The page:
Phula Naik is a Dalit woman who got divorced at the age of 20. A daily wage labourer, she was left with no assets and also denied a share in the family homestead land and agricultural land by her elder brother, who has otherwise been taking care of her since she moved back to live with her father. But these days, Phula has a renewed sense of confidence and a spring in her step, as she has received a patta (title) for 25 decimal homestead land near her village Karsingh in Odisha. She now dreams of constructing and managing a small house on this land and starting her life afresh.
Unlike Phula, for many of India’s women, ownership and control over economic assets, especially property and land, remains a distant dream. It is estimated that women constitute close to 65% of agricultural workers and almost 74% of the rural workforce. Despite this, they are not officially counted as farmers, since a majority of women in India – as many as 87% – do not own land.
Most land in India is inherited, and the key barriers to women staking claim to their rightful share of inherited property are the widespread belief that a woman’s fair share is limited to her dowry; lack of legal awareness amongst women; women’s reluctance to claim their property rights, particularly in exchange for familial support in case of marital breakdown and flaws in the implementation of legal provisions. Culturally, access and control over land remain very much a male domain, with the patchy implementation of progressive laws reinforcing this discrimination.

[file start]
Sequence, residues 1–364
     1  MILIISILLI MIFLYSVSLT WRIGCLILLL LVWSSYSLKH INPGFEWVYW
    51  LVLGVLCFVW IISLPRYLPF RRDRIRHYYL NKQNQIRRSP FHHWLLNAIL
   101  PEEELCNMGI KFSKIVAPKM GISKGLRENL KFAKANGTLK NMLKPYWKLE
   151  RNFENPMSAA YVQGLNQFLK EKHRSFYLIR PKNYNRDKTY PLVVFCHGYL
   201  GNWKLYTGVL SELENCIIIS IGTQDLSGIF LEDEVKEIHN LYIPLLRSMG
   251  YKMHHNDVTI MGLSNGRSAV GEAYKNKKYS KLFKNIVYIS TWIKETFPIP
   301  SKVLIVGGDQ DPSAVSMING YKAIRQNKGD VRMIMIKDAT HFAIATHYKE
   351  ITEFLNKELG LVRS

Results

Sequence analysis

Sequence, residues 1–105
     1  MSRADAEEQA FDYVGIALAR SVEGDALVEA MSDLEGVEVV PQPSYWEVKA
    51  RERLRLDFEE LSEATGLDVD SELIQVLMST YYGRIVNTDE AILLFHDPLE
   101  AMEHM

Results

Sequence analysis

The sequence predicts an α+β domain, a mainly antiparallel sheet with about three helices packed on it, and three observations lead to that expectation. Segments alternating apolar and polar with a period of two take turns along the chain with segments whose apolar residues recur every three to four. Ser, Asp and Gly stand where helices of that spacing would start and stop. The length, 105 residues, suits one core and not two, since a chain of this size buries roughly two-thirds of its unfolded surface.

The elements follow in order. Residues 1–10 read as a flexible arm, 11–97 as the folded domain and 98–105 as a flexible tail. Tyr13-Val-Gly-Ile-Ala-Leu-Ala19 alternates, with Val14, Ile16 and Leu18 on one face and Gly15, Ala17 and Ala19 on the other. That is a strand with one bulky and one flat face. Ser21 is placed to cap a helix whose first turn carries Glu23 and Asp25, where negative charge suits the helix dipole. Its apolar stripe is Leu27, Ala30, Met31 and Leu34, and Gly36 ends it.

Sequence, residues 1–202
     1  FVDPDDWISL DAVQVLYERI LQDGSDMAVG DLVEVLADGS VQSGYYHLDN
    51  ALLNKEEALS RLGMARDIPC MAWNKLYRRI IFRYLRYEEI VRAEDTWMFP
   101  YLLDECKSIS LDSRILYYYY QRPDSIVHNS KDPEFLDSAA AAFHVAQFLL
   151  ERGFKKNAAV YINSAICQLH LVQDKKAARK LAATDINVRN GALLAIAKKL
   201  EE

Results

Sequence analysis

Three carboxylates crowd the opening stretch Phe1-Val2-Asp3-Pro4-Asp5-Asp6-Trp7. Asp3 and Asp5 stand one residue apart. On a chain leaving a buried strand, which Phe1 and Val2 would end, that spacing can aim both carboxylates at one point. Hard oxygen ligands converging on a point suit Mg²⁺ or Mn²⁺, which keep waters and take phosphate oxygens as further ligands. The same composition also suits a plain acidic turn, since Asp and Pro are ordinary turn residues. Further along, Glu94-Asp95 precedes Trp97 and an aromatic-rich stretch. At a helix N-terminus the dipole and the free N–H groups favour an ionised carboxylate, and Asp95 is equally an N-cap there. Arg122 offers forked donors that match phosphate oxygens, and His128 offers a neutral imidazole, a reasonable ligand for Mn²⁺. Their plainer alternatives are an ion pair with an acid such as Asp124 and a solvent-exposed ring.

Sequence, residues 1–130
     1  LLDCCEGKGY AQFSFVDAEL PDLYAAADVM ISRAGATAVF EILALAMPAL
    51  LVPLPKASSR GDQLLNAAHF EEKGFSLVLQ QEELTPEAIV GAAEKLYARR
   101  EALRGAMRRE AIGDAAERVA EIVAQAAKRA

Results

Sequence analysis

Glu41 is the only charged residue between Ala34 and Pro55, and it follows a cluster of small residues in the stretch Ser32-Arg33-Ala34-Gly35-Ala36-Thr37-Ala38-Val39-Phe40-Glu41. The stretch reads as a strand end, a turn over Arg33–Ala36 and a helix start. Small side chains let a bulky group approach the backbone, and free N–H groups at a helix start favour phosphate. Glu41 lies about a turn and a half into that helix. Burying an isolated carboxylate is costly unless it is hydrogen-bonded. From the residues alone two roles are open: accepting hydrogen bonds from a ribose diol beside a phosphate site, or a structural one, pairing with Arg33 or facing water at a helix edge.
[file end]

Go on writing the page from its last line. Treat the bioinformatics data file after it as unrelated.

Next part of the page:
Land ownership is critical for the social and economic empowerment of women. Successive research over the years has shown that women’s ownership of property improves their social standing within and outside of the family, strengthens their decision-making ability and provides them with a source of livelihood, thus empowering them economically. In fact, research has also demonstrated a significant link between women’s ownership of land and assets and reduced incidence of violence.
In 2001, a study conducted in Thiruvananthapuram district of Kerala showed that women’s access to and control of economic resources, especially immovable assets like land and house, play a critical role in protecting women from marital violence. The findings showed that among the property-less, 49.1% experienced long-term physical violence and 84.2% experienced long-term psychological violence, but those who owned both land and house reported dramatically less physical as well as psychological violence (6.8% and 16.4% respectively). Even in cases where a woman owned only land or a house, the incidence of violence was much lower than in cases where she owned neither.
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Another multi-site comparative study conducted in West Bengal and Kerala in India and in Sri Lanka in 2006 showed that women’s ownership of land or a house deterred violence as it improved women’s status in three vital ways – women with property reported an enhanced status within the family; they also reported higher levels of respect within the community and they assumed a greater role in decision making, which markedly reduced their vulnerability.